Everyone wants to know what's going on in France regarding the Loi ALUR -- (l’Accès au Logement et à un Urbanisme Rénové). The bill indicates that the short-term rental of your primary residence is permitted, as long as you follow some basic rules including written agreement from the owner (if you are the tenant). It also affects short-term rental of secondary residences, mostly applied to the country's larger cities.
The bill is currently being considered by the National Assembly and the Senate. According to some sources, 20% of all dwellings are rented furnished in France. Furnished rentals are not only more profitable for the landlord than unfurnished rentals (higher rents), but are less vulnerable to troublesome tenants (squatting and other nuisances). A furnished lease of one year is more flexible for the tenant, allowing for a one-month cancellation compared to a 90-day cancellation attached to an unfurnished rental which carries a three-year lease.
In larger cities, the short term rental of a secondary residence will be permitted. Cities will not have the authority to ban short-term rental of these properties, but they will be able to define specific compliance criteria and require a change of usage designation for the property, as a commercial property. The cities affected are those over 50,000 population and where there is a marked imbalance between supply and demand for housing...such as in Paris.
The bill attempts to control increases in rents upon re-letting a property. A property may not increase in rent to a new tenant higher than the "IRL" or legal benchmark, unless substantial work has been performed on the property. This has already had an impact on the market as rents rose less by percentage in 2012 and 2013 than in previous years.
For new leases, the rent cannot exceed the cap of 20% over the median benchmark (except for exceptional rental services and major work). Upon renewal of a lease, the rent may be adjusted up or down, to the median benchmark imposed by the IRL. The benchmark rents will be calculated from information gathered by rental statistics taken from the entire stock of housing (the "market"). The "market" rent is about 105 euro above the average rent, which is already above the median rent.
Forecasters say these measures will further reduce rents as more comply with the measures and there is greater transparency. In 2012, 390,000 residences in Paris were rented, of which 94,000 rented higher than the adjusted median rent -- 3.7 euros per square meter more. Thirty-two thousand have rents more than 30% below the median benchmark -- 2.4 euros per square meter less. Reductions in rent will therefore average 4% to 6% depending on the location and type of housing, bringing rent levels to those recorded in 2010.
But adjustments in rent will take time and conflicts between landlord and tenant are sure to evolve. The average rent for housing occupied more than 10 years by the same tenant is already 20% lower than the average. Landlords will be penalized by sedentary tenants and restrictions that will control potential rent increases. In contrast, tenants who have lived in their homes a long time might see significant increases to their rents.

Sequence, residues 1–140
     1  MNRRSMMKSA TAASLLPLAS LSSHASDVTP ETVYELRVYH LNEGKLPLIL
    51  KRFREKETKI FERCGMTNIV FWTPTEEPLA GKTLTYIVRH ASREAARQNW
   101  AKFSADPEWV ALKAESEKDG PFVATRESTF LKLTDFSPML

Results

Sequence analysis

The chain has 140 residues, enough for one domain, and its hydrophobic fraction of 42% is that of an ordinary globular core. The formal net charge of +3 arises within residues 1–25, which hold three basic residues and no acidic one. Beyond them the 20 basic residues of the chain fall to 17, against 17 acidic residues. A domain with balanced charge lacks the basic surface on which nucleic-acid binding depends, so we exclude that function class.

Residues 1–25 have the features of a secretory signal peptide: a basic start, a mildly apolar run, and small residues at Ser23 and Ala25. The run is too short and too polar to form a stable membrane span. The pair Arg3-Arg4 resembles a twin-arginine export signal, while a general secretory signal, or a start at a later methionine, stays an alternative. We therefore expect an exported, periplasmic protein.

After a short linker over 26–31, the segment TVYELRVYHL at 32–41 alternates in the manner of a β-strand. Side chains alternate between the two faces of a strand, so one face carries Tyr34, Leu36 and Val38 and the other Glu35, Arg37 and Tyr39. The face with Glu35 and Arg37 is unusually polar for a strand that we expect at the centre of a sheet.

It is noted that only construction of housing in areas where the housing shortage is acute will solve the problems of the market. Rent control is merely a temporary measure, and it's not enough.
NEWS ON TRANSFER TAX INCREASES
It's going to cost a bit more between March 1, 2014 through February 29, 2016 to purchase a property, thanks to the Finance Act of 2014 (Act No. 2013-1278 of December 29, 2013). The taxes for land registration and registration fees will increase from 3.8% to 4.5%, although the increase must be approved by the department and after that date, reduced back.
In real terms, the additional cost on a property in Paris purchased for 500,000€ will cost an additional 3,600€. Notary fees, however, will not change.
P.S. Over the next two weeks I'll be writing you from first New York and then "La Nouvelle Orléans" -- where I will be exploring real estate in these two U.S. cities for investment compared to Paris and Nice! Doesn't it make sense to have investments in all four? That's what I intend to find out!
P.P.S. There is only one share left at Le Palace des Vosges, the outstanding fractional ownership property at the best address in Paris, Place des Vosges -- and once it's gone, it's gone! Don't be disappointed...the final share is only 147,900€. For more information visit Le Palace des Vosges or email email@example.com.
See Adrian Leeds and French Property Consultation on House Hunters International!
Air dates/times: March 21, 2014 at 10:30 p.m. and 1:30 a.m. E/P
Since her first visit as a 17-year-old exchange student, Karin has dreamt of living in Paris full time. Boldly deciding life is short and now is the time to finally make her dream a reality, she and her practically minded mother go to Paris to find the right flat. But in the City of Light's fast paced market, this long time dreamer nervously realizes she hasn't given much thought to what she wants in her new home. Property Consultant Adrian Leeds will have her work cut out for her when House Hunters International looks for la vie en rose in Paris.
FREE one-hour consultation! Guests of Parler Paris Apartments or Parler Nice Apartments who are considering the purchase of their own "pied-à-terre" for pleasure and profit, can take advantage of a free one-hour consultation while enjoying the apartment in the City of Light or on the Riviera. Simply complete the request form to book your consultation.